Can Rain Gardens Help Solve the Flooding Problems in Jersey City?

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A rain garden sign in Jersey City.

M. Blessing Akeju, Contributing Writer

As climate change becomes more of a threat, weather patterns are increasingly severe. In New Jersey, one way to prevent flooding could be through rain gardens.

Hurricane Ida reminded people that there is a huge flooding problem in the Garden State. When the storm tore through the state, there was severe flooding, especially in urban areas covered in pavement. Streets were flooded, and dirty water poured into houses, stores, and other buildings.

Hurricane Ida is only the latest in a series of storms that have ruined property in New Jersey within the past few years. The educational site Flood Factor says that due to climate change, sea levels are rising, oceans are getting warmer, weather patterns are changing, and storms are becoming more powerful. These factors lead to more devastating weather events like Ida.

The Jersey City community felt the consequences of not being prepared, and many people had parts of their homes, as well as belongings, destroyed. The question came up, what could be done in the future to prevent this?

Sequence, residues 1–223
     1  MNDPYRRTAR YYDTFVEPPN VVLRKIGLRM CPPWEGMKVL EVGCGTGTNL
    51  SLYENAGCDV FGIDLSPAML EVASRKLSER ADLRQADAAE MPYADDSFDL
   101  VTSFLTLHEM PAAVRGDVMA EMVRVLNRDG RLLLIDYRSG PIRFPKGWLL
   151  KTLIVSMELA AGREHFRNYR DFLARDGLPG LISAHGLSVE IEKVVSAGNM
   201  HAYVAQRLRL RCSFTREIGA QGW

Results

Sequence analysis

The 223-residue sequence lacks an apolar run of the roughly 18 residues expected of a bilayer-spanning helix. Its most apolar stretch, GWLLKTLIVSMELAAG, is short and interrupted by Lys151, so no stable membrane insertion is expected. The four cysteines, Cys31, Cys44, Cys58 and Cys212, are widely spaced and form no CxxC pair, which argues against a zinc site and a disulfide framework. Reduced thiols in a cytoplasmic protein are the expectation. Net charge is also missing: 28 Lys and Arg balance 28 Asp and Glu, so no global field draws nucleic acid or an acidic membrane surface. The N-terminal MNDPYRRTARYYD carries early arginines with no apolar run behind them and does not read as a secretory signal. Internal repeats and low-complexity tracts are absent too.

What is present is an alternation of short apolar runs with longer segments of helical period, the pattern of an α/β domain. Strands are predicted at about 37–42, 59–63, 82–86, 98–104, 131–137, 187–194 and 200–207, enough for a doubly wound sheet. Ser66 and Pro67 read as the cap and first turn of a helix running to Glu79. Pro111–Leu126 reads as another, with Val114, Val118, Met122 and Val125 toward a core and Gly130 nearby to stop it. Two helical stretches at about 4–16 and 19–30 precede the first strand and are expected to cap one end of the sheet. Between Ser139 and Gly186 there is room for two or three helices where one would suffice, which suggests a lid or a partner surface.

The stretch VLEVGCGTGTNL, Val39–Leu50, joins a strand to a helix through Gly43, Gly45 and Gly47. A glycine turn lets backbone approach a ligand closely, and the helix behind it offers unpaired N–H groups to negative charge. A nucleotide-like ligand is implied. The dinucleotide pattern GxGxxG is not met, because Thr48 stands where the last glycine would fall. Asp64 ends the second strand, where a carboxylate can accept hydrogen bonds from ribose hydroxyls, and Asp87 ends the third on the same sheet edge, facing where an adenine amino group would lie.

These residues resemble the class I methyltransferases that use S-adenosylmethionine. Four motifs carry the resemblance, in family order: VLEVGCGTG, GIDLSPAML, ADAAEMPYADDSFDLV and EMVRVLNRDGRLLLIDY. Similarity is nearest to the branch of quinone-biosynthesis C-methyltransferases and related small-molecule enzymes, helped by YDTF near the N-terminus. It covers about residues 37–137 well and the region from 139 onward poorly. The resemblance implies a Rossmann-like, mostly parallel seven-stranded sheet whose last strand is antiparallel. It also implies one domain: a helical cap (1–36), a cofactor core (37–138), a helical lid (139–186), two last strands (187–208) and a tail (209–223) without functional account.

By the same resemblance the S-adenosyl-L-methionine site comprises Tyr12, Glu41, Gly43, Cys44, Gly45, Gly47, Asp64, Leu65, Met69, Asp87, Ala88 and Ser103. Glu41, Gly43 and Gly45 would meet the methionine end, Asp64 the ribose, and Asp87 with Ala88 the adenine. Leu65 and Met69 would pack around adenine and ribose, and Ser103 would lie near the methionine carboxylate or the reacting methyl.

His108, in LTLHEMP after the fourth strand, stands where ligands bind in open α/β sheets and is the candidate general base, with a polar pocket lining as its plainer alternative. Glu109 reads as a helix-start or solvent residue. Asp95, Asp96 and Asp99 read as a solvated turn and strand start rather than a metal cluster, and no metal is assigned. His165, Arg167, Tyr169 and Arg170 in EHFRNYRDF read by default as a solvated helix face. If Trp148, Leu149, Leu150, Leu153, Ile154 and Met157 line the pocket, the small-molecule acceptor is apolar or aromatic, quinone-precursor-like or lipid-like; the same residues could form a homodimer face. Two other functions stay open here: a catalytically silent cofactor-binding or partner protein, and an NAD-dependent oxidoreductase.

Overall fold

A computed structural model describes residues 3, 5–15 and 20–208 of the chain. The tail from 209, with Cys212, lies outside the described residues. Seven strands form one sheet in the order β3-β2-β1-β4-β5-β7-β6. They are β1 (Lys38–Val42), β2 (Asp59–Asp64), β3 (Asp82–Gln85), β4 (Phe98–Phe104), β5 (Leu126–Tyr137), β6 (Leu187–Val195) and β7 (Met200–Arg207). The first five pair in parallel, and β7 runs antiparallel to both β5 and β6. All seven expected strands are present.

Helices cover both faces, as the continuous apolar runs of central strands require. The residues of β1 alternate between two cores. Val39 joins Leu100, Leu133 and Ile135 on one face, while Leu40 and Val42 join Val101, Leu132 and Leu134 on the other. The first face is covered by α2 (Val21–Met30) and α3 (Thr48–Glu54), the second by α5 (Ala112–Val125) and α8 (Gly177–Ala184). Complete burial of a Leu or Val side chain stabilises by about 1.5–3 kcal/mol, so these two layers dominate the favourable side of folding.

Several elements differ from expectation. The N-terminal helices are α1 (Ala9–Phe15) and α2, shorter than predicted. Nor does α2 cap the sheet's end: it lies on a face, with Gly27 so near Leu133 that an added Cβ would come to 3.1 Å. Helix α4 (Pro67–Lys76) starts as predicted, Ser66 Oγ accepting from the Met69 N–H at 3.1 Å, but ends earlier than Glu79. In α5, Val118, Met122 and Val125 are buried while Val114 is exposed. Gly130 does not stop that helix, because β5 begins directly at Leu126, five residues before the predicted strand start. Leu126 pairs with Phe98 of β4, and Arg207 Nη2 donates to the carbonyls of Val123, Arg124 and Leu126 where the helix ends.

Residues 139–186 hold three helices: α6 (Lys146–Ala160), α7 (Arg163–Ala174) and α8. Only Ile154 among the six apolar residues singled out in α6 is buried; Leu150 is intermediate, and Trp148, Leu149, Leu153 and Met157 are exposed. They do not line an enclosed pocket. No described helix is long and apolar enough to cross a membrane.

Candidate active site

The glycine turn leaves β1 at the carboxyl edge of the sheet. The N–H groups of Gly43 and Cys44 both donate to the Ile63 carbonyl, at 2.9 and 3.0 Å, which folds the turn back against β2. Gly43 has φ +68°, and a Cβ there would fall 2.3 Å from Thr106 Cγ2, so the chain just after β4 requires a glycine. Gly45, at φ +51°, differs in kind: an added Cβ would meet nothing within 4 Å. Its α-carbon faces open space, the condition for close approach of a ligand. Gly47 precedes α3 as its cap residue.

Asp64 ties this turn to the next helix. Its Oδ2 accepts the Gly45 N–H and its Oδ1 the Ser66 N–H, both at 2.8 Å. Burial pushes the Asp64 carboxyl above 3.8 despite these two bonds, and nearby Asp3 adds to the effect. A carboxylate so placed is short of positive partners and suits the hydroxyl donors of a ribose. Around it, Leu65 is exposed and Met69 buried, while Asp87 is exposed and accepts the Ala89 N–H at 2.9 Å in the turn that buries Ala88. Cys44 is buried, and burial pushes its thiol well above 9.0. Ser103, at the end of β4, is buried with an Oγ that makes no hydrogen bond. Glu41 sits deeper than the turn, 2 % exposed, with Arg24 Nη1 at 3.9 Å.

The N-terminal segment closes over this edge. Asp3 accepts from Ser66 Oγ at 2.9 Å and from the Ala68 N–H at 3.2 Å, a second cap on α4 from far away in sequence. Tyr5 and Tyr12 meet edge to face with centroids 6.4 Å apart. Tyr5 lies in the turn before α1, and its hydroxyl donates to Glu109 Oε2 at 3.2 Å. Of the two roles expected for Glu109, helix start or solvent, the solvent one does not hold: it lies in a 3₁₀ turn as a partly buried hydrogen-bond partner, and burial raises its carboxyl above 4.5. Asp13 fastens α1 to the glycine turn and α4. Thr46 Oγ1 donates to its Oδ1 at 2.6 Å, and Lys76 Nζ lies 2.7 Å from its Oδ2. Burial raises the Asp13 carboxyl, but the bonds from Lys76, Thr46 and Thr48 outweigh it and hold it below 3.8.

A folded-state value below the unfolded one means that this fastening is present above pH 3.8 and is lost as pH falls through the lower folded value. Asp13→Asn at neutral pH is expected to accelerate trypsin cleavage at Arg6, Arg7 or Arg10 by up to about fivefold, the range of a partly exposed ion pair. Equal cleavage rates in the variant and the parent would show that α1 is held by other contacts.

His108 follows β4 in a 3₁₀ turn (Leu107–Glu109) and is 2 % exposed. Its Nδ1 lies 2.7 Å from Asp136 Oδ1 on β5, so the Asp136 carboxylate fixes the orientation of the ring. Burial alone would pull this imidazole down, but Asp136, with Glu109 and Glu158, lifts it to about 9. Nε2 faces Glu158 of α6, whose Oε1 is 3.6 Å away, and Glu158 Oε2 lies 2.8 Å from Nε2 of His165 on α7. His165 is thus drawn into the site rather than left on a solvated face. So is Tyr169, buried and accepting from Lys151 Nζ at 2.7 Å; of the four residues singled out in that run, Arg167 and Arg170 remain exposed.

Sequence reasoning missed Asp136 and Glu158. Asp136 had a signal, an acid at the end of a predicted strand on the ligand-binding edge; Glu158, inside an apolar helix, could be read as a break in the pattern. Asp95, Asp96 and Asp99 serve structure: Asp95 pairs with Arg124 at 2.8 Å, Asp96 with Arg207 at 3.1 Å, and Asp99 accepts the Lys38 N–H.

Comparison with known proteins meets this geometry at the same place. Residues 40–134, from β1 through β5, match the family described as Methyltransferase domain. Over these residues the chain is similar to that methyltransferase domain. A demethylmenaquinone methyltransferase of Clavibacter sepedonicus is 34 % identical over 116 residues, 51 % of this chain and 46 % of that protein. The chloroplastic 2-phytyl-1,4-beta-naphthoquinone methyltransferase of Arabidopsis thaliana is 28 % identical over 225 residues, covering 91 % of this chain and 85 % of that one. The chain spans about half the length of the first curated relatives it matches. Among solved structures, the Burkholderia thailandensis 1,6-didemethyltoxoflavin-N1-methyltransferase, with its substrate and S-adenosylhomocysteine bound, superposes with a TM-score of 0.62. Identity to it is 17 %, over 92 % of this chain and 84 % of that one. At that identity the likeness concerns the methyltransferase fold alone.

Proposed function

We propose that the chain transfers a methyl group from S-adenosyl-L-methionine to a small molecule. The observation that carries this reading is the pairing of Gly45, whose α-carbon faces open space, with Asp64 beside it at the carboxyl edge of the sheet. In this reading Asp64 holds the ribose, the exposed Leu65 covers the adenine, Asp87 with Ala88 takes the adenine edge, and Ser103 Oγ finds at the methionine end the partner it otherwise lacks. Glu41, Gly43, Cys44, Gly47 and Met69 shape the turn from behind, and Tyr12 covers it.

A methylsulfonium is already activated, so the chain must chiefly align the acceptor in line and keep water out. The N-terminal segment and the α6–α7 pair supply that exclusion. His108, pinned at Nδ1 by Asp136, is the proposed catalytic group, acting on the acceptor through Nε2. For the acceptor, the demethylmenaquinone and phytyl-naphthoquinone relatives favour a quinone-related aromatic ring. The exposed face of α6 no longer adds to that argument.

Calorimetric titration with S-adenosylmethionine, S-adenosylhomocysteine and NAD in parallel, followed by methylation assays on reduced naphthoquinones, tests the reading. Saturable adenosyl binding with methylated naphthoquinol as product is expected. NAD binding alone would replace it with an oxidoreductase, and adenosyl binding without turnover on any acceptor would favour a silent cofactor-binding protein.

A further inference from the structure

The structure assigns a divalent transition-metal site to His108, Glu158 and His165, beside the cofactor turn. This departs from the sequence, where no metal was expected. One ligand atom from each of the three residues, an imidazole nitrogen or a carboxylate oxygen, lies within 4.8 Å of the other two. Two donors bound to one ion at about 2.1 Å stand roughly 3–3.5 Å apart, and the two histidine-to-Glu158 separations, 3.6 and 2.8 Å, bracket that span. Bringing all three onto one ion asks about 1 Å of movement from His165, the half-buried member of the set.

Effects on Jersey City Residents

Residents of Jersey City who were negatively affected by Hurricane Ida believe something needs to be done about Jersey City’s flooding situation.

One student at New Jersey City University, Station Rodriguez, said, “My bathroom and my basement were flooded, and the metal in my basement was rusted. It was the worst flood my family has seen in general, because we live on a hill. When it rains, there’s usually only minimal flooding. Some of the rooms in our house were damaged and my dad had to skip work to repaint them. It doesn’t feel like it could happen to you until it does.”

My bathroom and my basement were flooded, and the metal in my basement was rusted. It was the worst flood my family has seen in general, because we live on a hill.”

— Station Rodriguez, NJCU student

Station continued to say, “The area was so flooded that the streets were hard to drive through, so you had to go very slow. We live on a hill so the neighbors had similar flooding issues.” Station said that living in Jersey City and knowing that there aren’t many protective measures for the next flood is a “constant worry.”

Features of A Classic Rain Garden